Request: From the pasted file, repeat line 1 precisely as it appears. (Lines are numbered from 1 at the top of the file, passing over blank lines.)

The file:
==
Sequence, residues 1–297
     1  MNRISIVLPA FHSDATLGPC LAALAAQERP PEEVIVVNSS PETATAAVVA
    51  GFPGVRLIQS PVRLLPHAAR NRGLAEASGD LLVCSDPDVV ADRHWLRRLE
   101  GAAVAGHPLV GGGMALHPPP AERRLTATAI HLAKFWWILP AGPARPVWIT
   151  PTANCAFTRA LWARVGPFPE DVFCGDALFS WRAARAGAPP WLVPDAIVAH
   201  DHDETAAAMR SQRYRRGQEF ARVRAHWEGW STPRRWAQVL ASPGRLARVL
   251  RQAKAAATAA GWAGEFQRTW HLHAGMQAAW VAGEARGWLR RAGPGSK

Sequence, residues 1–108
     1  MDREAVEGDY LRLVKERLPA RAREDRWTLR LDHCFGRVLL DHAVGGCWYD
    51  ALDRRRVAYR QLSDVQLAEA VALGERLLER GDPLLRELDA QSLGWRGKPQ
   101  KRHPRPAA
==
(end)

Sequence, residues 1–297